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1 September 2014
Vol. IV, No. 217

From The Editor: This week, Weekly Hubriss 21st-century Epicurus, William A. Balk, Jr., writes about the sweltering late-summer heat of Midlands and Low Country South Carolina, his continuing efforts to find plant material that will sustain all four Southern seasons . . . and lilies, in all their profusion and unpredictable glory. Tim Bayer, in completely unrelated news, offers up footage (sure-footed footage) of a Russian motorcyclist lucky to be, still, among the living. So, Spider Lilies and Spiderman this Monday: happy reading!

Red Spider Lilies

Red Spider Lilies

Epicurus’ Porch

“A Hundred Degrees! Bloomin’ Hell!” By William A. Balk, Jr

BEAUFORT South Carolina—(Weekly Hubris)—9/1/2014—Yes, we still have all four seasons here in the South Carolina Low Country; sometimes we have all four in the span of a few weeks.

There are places in the world which experience the seasons as cold and not-so-cold, or as unstintingly hot all year. Not here, however. Our February 2014 winter produced two Arctic cold blasts within days of each other, felling great trees and snapping smaller ones in half beneath an inches-thick layer of ice. Days ago, as I write this, during August’s typical southern heat, almost a week of hundred-degree sunshine kept humans and pets indoors while garden plants coped as best they could. (Read more . . .)

Was that Spideman?

Was that Spiderman?

Won Over By Reality

“If Spiderman Rode a Motorcycle” By Tim Bayer

BRIGHTON New York—(Weekly Hubris)—9/1/2014—This video is astonishing: a motorcycle “accident” that should have resulted in death or severe injury winds up looking like a clip from a move featuring the Amazing Spiderman (in Russia) . . . and it appears no one was hurt. (Read more . . .)

Alexander, leading from amidst and among.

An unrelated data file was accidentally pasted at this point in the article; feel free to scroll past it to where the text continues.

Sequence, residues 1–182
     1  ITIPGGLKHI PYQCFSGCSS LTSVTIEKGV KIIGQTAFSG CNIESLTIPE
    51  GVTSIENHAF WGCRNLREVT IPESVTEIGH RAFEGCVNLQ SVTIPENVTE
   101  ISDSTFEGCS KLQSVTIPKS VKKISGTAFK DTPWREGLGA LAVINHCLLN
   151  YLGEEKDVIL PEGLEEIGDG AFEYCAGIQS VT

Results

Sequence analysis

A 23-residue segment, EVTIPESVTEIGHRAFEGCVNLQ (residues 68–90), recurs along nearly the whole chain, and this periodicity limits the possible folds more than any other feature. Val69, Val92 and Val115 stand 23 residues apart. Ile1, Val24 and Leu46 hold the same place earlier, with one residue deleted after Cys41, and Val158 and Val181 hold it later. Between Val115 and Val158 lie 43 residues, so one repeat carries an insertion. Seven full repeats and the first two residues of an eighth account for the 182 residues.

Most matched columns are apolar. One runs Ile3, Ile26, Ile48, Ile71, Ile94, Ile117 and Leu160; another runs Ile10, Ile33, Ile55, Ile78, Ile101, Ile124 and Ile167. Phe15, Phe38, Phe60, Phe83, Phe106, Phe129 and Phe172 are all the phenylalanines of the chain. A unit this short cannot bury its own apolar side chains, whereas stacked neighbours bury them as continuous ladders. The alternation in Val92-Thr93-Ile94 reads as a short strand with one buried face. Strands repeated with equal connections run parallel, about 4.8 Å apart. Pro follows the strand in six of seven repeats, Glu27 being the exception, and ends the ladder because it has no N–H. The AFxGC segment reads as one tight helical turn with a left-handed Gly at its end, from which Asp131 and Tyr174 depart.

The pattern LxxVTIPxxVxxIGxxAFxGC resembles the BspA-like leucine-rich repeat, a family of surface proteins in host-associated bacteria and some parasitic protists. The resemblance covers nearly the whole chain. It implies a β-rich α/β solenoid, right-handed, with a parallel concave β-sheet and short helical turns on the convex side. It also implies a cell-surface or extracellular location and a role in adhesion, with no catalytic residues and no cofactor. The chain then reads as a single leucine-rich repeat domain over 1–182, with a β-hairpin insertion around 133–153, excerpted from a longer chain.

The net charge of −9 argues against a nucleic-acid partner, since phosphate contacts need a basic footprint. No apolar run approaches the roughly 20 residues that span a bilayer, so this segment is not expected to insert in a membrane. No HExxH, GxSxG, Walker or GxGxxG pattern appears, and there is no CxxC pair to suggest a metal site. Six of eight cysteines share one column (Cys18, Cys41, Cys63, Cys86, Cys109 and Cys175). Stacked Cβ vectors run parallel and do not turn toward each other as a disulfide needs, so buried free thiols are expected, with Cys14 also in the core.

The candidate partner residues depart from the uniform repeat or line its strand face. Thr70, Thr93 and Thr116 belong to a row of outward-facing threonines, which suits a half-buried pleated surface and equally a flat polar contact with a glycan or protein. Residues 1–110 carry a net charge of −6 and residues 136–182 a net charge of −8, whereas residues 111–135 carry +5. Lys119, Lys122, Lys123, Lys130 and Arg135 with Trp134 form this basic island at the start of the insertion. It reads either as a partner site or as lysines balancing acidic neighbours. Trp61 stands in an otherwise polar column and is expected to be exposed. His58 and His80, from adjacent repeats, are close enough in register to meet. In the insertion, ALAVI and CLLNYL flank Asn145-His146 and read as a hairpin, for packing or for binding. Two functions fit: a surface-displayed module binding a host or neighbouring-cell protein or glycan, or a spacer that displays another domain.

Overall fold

Alexander, leading from amidst and among.

Skip the B.S.

“Bow Waves & Propellers: Leadership” By Skip Eisiminger 

CLEMSON South Carolina—(Weekly Hubris)—8/25/2014—Examining a wartime photograph of Gen. Erwin Rommel with his shoulder to his staff-car fender helping his men extricate it from the mud, I thought . . . this is a picture that ought to be on every leader’s desk. I was reminded of the photograph when I heard Dr. Jim Barker, president of the school where I once taught, tell a group of faculty about his first night on the job. (Read more . . .)

We must continue reflecting on one of our greatest national tragedies, the squandering and debasement of young men of color.

We must continue reflecting on one of our greatest national tragedies, the squandering and debasement of young men of color.

Ruminant With A View

“Three Deaths in August: Michael Brown, Robin Williams & BKS Iyengar” By Elizabeth Boleman-Herring

BRIDGE & TUNNEL New Jersey—(Weekly Hubris)—8/25/2014—Each and every day on our planet, 154,957 of us, give or take, die (a number derived from data gleaned between 2012 and 2014 by the CIA, the World Bank, the UN World Population Study, and the US Census). On August 9, at the age of 18, one of us died of bullet wounds in Ferguson, Missouri. On August 11, a suicide at age 63, one of us died at his home in Paradise Cay, California. (Read more . . .)

Small buildings under a vast sky, adrift on a terrestrial sea.

Small buildings under a vast sky, adrift on a terrestrial sea.

Small Things Recollected

“Reason’s Ghosts: The Settling & Unsettling of The Plains” By William Ramp

LETHBRIDGE Alberta, Canada—(Weekly Hubris)—8/25/2014—Last month, I wrote about the thousands of years of cultural continuity which still bind past, present and future together for the first peoples of the North American plains, despite all the cultural and other damage visited on them over the past 200 years. This month, I will turn over that first thin shard of time during which Europeans pushed into the North American interior, looking at the light it casts, the figures it refracts, and the shadows it leaves.  (Read more . . .)

Tomatoes drying in the sun on our terrace. You might think of them as tomato-flavored chewing gum, but what a sun-burst of taste in winter.

Tomatoes drying in the sun on our terrace. You might think of them as tomato-flavored chewing gum, but what a sun-burst of taste in winter.

Eating Well Is The Best Revenge

“Give Us This Day Our Daily Tomato” By Diana Farr Louis

ANDROS Greece—(Weekly Hubris)—8/25/2014—I don’t think a day has gone by in the past three months that tomatoes haven’t been part of at least one meal if not two here. Lunch is invariably a tomato salad, with or without trimmings—onions, peppers, purslane, basil, capers, but not cukes, which stay neither crisp nor cool when mixed with the rest. Or so my husband, “Joy of the People,” maintains. And I oblige, unless the salad is liquid, as in gazpacho.   (Read more . . .)

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